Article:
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Can You Have A Guideline Without a Guide?

The federal government's definition of poverty dates back more than 45 years.  Reflecting the limited statistical data of that time, it was built on government nutritional criteria.  A game first effort, it's been indexed for inflation but has never evolved.

Given the human and societal costs of poverty, we need a better measure than we currently have to identify who needs assistance and what kind of assistance.  The National Academy of Sciences, for instance, has a proposed approach.  The NAS approach would posit far more poor persons than "official" measurements.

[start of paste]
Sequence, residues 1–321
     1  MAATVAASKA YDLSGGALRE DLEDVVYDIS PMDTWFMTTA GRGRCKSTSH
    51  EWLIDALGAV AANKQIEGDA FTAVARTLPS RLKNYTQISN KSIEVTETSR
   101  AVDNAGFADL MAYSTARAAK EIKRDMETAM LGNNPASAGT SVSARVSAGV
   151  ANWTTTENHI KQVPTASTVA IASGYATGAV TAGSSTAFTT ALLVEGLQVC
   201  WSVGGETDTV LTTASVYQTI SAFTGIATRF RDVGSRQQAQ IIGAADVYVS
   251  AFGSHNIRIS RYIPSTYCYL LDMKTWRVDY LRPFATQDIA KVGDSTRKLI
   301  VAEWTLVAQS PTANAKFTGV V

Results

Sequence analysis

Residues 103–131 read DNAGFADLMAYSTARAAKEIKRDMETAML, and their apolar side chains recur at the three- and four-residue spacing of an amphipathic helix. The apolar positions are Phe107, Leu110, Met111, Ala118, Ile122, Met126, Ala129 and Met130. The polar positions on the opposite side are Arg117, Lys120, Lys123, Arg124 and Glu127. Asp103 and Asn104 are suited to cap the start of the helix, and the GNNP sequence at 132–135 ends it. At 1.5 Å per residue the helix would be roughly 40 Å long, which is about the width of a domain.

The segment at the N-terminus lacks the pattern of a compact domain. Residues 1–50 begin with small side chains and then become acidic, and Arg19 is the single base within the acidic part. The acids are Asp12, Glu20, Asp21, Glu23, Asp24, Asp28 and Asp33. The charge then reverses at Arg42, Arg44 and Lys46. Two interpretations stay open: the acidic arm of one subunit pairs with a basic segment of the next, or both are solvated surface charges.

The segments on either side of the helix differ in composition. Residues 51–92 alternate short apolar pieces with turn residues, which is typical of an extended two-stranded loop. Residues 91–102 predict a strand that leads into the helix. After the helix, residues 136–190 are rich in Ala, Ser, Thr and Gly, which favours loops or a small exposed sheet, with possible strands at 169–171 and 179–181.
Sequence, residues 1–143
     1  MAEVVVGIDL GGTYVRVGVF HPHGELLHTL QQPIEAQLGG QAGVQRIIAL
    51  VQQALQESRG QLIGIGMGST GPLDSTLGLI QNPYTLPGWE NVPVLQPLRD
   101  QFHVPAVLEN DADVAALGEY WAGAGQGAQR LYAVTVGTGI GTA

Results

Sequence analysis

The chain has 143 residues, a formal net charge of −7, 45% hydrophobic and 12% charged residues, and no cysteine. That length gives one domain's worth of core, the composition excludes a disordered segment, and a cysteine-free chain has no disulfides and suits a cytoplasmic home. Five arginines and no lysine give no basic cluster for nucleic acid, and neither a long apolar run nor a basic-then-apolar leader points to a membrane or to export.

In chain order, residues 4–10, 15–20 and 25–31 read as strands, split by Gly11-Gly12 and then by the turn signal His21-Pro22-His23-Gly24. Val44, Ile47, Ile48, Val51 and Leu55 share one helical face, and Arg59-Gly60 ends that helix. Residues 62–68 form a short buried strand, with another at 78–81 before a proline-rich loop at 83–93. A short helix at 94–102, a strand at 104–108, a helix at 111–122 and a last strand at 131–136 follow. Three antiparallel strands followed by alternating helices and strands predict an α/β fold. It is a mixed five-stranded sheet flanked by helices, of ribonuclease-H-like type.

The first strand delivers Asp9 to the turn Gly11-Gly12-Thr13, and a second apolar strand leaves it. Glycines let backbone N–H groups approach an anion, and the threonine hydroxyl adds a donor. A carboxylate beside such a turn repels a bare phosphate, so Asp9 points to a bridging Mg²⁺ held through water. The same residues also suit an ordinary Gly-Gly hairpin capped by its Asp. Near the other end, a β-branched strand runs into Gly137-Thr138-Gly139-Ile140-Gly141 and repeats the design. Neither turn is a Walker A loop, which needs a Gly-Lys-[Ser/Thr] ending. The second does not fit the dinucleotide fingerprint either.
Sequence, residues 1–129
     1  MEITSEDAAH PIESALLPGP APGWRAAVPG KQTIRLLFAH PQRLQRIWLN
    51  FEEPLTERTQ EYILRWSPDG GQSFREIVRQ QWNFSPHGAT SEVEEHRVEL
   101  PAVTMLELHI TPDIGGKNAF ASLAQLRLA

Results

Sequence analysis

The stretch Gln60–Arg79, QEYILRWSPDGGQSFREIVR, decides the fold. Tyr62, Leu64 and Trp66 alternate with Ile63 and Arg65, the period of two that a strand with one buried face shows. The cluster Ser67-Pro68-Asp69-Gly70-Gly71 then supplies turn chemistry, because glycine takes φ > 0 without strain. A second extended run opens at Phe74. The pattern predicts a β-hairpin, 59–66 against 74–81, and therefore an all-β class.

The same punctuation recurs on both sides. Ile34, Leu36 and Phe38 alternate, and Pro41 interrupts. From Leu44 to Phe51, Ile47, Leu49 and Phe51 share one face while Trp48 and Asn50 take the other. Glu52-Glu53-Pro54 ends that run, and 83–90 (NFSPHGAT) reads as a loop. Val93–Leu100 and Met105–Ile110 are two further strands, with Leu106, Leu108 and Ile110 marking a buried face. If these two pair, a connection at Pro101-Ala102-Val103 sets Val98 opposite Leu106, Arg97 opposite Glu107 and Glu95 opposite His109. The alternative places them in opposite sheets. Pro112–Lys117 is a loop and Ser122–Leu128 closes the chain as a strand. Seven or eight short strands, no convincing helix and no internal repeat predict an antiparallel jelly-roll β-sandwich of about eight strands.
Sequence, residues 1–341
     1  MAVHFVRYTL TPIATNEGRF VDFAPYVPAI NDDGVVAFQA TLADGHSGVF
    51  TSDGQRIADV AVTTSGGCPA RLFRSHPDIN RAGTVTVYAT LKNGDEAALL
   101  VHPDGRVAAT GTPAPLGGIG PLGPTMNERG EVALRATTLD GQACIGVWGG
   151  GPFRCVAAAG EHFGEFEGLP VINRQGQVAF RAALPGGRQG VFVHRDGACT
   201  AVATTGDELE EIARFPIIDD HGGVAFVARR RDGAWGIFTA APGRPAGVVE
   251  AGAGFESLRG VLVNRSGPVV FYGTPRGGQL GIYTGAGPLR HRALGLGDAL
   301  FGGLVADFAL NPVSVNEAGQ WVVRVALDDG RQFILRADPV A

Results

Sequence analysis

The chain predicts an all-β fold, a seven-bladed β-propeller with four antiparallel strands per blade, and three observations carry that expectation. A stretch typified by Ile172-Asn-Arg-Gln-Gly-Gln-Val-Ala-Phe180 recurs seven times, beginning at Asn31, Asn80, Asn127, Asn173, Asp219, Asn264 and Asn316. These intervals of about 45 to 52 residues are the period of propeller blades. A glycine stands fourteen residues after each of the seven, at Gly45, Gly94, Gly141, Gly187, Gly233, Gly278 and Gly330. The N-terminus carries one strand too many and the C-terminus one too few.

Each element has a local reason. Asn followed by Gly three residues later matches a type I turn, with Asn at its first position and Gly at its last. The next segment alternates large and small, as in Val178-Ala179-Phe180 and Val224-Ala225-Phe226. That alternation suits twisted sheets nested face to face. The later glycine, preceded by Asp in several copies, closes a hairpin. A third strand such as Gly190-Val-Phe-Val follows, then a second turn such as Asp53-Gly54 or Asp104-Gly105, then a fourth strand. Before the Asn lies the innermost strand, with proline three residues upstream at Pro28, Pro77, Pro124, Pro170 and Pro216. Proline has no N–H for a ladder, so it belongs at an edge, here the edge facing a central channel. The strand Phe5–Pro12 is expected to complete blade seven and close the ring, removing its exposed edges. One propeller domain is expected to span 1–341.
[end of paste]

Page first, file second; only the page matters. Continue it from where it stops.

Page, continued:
Another subjective approach to an objective goal is the Self-Sufficiency Standard.  Unlike the federal standard, this guideline accounts for the costs of living and working as they vary by family size and composition and by geographic location.  A possible drawback is that the Standard assumes that all adults (whether single or married) work full-time.  Self-Suffiency Standards have been developed for a number of states, including Missouri.

So while nobody's too happy about where we are, there's not a lot of movement and consensus about where we should be in terms of quantifying this important issue.

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